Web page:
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Democracy and Technology Blog Thoughts on broadband strategy

The FCC received reply comments last week concerning the national broadband plan it is required — pursuant to the stimulus legislation — to deliver to Congress by Feb. 17, 2010.
In the attached reply comments of my own, I conclude:

  • The broadband market is delivering better services at lower prices. There is no evidence of a market failure which would justify additional regulation.
    I pointed out that just as the Sherman Act does not “give judges carte blanche to insist that a monopolist alter its way of doing business whenever some other approach might yield greater competition,” according to the Supreme Court, the Commission would be wise not to insist that broadband providers alter their way of doing business just because it hopes some other approach might yield more consumer benefits. The pursuit of the “perfect” may prove elusive. Meanwhile, the “good” — which presently exists in the form of a fast-charging, innovative market — could be destroyed.
  • The Commssion should focus on non-regulatory strategies which have proven effective in promoting the adoption of broadband services.
    For example, a lot of Americans don’t subscribe to broadband because they don’t see the need for it or because they are concerned about the price. According to the Pew Research Center, 50 percent of dial-up and non-online users fall into the former category and 19 percent fall into the latter category.
    A public-private partnership in Kentucky discovered that the lack of a computer at home ranked even higher than the monthly service fee as a barrier to the adoption of household broadband. In Kentucky, the number of people actually using broadband jumped from 22% to 44% as a result of the partnership’s efforts.
  • Common carrier regulation could interfere with innovation and legitimate network management.
    If government mandates that sellers have to charge everyone the same price, that potentially limits returns on investment (because some consumers are willing to pay more than others). If government says sellers can’t serve some customers unless they can serve all customers, that potentially limits investment opportunities. Net neutrality regulation would potentially lead to these and perhaps other consequences.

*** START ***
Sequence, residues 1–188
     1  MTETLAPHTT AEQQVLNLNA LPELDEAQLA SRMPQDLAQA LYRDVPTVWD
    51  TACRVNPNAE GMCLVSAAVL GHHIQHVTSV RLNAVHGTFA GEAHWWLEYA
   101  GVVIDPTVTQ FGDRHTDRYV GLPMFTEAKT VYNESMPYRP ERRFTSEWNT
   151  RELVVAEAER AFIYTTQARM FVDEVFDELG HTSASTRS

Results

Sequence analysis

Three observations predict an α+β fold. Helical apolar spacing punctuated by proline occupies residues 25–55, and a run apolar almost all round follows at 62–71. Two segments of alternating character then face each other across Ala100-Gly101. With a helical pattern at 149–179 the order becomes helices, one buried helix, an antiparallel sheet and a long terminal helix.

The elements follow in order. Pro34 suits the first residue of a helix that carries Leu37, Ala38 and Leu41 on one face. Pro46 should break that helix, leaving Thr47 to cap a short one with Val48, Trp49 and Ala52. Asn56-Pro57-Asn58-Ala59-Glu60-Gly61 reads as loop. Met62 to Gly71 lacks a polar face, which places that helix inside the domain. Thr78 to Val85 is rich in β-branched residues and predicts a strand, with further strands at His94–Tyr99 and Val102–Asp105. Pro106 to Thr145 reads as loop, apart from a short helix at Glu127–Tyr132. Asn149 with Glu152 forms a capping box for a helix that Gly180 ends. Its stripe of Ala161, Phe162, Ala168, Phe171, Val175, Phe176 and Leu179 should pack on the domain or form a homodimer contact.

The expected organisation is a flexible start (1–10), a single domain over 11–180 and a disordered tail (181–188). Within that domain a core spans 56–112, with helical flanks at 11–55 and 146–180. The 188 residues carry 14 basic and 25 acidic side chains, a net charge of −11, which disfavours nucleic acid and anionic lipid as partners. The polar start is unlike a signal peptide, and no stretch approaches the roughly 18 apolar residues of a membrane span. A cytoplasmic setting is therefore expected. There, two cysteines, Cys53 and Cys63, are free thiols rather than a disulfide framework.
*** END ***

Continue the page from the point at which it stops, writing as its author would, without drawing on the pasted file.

One such consequence might be to prevent network operators from proactively managing the network to reduce congestion and malicious traffic which lead to identity theft and cyber attacks.
  • There is no compelling evidence of excessive profits which would justify reregulation of the special access market.
    Purchasers of these high capacity services allege profiteering, but a more reasonable analysis has found that instead of earning a 138% return on special access investment, AT&T is more likely earning 30%. Qwest is probably earning 38%, not 175%. And Verizon, 15% instead of 62%.
    If AT&T, Qwest and Verizon are earning excess profits, cable and fixed wireless competitors will be able to undercut their prices and capture market share. The higher the profits, the faster the entry.
    If regulation pushed special access prices lower, that would reduce the revenue investors could expect to earn from new competitive facilities. If investment won’t be profitable, it won’t be made.

Hance Haney

Senior Fellow, Technology & Democracy Project
Hance Haney is Director and Senior Fellow of the Technology & Democracy Project at the Discovery Institute, in Washington, D.C. Haney spent ten years as an aide to former Senator Bob Packwood (OR), and advised him in his capacity as chairman of the Senate Communications Subcommittee during the deliberations leading to the Telecommunications Act of 1996. He subsequently held various positions with the United States Telecom Association and Qwest Communications. He earned a B.A. in history from Willamette University and a J.D. from Lewis and Clark Law School in Portland, Oregon.